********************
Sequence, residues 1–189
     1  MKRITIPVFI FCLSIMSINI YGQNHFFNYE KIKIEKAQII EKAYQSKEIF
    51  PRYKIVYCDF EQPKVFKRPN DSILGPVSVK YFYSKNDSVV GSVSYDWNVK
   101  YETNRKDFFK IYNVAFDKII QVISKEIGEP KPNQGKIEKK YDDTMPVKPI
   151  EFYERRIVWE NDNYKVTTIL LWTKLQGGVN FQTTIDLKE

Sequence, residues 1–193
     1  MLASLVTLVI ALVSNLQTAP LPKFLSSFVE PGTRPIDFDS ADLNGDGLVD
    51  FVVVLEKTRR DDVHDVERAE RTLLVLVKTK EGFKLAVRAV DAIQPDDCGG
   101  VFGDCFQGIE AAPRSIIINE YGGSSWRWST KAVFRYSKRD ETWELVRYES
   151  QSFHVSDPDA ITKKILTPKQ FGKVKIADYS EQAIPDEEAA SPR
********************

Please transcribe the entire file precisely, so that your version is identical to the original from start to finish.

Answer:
Sequence, residues 1–189
     1  MKRITIPVFI FCLSIMSINI YGQNHFFNYE KIKIEKAQII EKAYQSKEIF
    51  PRYKIVYCDF EQPKVFKRPN DSILGPVSVK YFYSKNDSVV GSVSYDWNVK
   101  YETNRKDFFK IYNVAFDKII QVISKEIGEP KPNQGKIEKK YDDTMPVKPI
   151  EFYERRIVWE NDNYKVTTIL LWTKLQGGVN FQTTIDLKE

Sequence, residues 1–193
     1  MLASLVTLVI ALVSNLQTAP LPKFLSSFVE PGTRPIDFDS ADLNGDGLVD
    51  FVVVLEKTRR DDVHDVERAE RTLLVLVKTK EGFKLAVRAV DAIQPDDCGG
   101  VFGDCFQGIE AAPRSIIINE YGGSSWRWST KAVFRYSKRD ETWELVRYES
   151  QSFHVSDPDA ITKKILTPKQ FGKVKIADYS EQAIPDEEAA SPR